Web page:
Barbara McLean

Barbara McLean is an artist and student pursuing an education in social policy and advocacy online at SUNY Empire State College. She grew up in Hudson County, NJ, but was living on Shore Front Road in Queens when Sandy hit. Barbara’s apartment experienced minimal flooding, but her landlord’s unit was severely damaged. When the landlord decided he needed Barbara’s unit to rehouse his own family, she was given one month to find another place to live. She learned about Arverne View via an internet search, submitted her application in January 2013 and moved in shortly thereafter. L + M Development Partners promised her an apartment that had been completely renovated and she says: “They delivered. My apartment faces both the Atlantic Ocean and Brooklyn. I’ve got glorious views of the city and gorgeous sunsets over the ocean.” What more could an artist ask for?  “Living at Arverne View gives me an opportunity to pursue my education and work on my art. I love the neighborhood,” Barbara said, “and its proximity to the beach.”


The Financing Structure

Arverne View’s financing required two phases totaling almost $100 million. The Phase I financing closed on November 9, 2012, just 11 days after Hurricane Sandy devastated the area. HDC provided the new owner with financing for the acquisition of the previous debt on the development from the Empire State Development Corporation (ESDC) as well as a portion of the construction costs related to rehabilitation of facades, roofs, common areas, and bringing the hundreds of vacant units into habitable condition. ESDC assigned the Interest Reduction Payment (IRP) contract relating to the property to HDC and HDC issued taxable bonds to finance an IRP-supported loan. Additionally, the project was transferred from state to city Mitchell-Lama supervision upon construction closing. 

Phase II Financing

L+M completed the renovations associated with Phase I approximately six months ahead of schedule and approximately 400 vacant units had been rented and occupied within 15 months of Sandy’s landfall. Based on HDC’s commitment to take out any additional debt, Citibank agreed to provide a subordinate unsecured taxable bank loan in the amount of $17.17 million at an interest rate of 2.5 percent with interest accruing in order to allow the work for Phase II to begin. In October 2013, HDC issued additional debt (the total recycled tax-exempt debt on the project is approximately $72 million) to take out the Citibank taxable loan and fund additional repair work. The total rehabilitation budget was almost $60 million. The two-phase tax-exempt financing is expected to be insured through the Federal Housing Administration (FHA) Risk Share Program upon conversion to permanent financing in the fall of 2014.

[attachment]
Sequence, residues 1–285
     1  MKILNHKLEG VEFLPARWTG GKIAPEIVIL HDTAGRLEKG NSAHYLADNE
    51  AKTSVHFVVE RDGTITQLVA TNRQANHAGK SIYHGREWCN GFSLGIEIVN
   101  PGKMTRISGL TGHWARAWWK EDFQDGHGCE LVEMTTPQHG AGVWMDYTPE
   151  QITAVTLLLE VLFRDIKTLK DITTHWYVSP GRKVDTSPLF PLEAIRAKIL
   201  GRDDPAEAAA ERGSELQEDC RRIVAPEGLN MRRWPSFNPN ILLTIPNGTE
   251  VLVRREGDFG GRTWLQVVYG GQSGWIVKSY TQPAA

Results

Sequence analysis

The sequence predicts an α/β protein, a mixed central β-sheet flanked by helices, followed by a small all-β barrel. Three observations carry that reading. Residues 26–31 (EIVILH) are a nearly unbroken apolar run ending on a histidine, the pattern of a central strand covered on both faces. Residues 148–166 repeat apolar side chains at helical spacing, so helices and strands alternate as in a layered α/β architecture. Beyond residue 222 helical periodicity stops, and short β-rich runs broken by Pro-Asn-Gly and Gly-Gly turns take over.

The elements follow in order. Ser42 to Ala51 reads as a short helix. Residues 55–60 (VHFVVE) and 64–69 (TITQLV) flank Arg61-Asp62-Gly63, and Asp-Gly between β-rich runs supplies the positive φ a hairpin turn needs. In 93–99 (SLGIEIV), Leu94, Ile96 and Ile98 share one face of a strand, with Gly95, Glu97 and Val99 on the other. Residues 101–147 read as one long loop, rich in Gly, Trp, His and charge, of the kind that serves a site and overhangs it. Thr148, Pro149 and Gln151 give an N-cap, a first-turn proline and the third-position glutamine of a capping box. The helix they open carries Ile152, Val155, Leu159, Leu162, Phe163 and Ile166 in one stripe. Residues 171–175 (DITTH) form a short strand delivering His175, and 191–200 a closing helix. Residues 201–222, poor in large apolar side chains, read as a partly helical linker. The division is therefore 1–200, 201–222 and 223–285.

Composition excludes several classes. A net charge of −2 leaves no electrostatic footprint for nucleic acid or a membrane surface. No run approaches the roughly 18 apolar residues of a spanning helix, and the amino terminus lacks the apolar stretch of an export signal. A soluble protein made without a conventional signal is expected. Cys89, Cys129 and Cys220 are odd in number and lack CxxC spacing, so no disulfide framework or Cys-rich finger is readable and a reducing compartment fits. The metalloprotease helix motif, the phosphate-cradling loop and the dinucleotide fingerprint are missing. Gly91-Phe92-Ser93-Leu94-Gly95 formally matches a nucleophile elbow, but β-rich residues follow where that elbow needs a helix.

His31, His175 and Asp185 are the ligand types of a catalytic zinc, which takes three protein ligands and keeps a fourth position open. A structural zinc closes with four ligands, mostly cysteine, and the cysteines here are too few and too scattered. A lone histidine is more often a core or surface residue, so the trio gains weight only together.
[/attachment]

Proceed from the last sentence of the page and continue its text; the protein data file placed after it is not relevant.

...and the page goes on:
The Developers

L+M Development Partners, Inc. has been an innovator in developing quality affordable, mixed-income and market-rate housing, while simultaneously improving the neighborhoods in which it works, since 1984. A full-service firm, L+M are experts in development, construction, management, fund management, acquisition criteria, and commercial leasing. The company takes pride in investing not only in developments, but also in people. Its long-standing dedication to the communities it serves is demonstrated through the job training and after-school programs it offers as well as its annual scholarship fund and the substantial support it provides for local nonprofit organizations. 

L+M Development Director Rick Gropper explains the firm’s particular commitment to Arverne View, describe it as being “at the nexus of a number of things we’re good at—creative and complicated financial structures, preservation, rehabbing, recapitalizing and repositioning distressed assets, and community development.” Gropper continues, “We’ve played a part in transforming a community for some 4,000 people, And we’re proud of that. We’ve created a place that people feel they’re a part of and are generally happy with. This is good for the residents and good for us as owners.”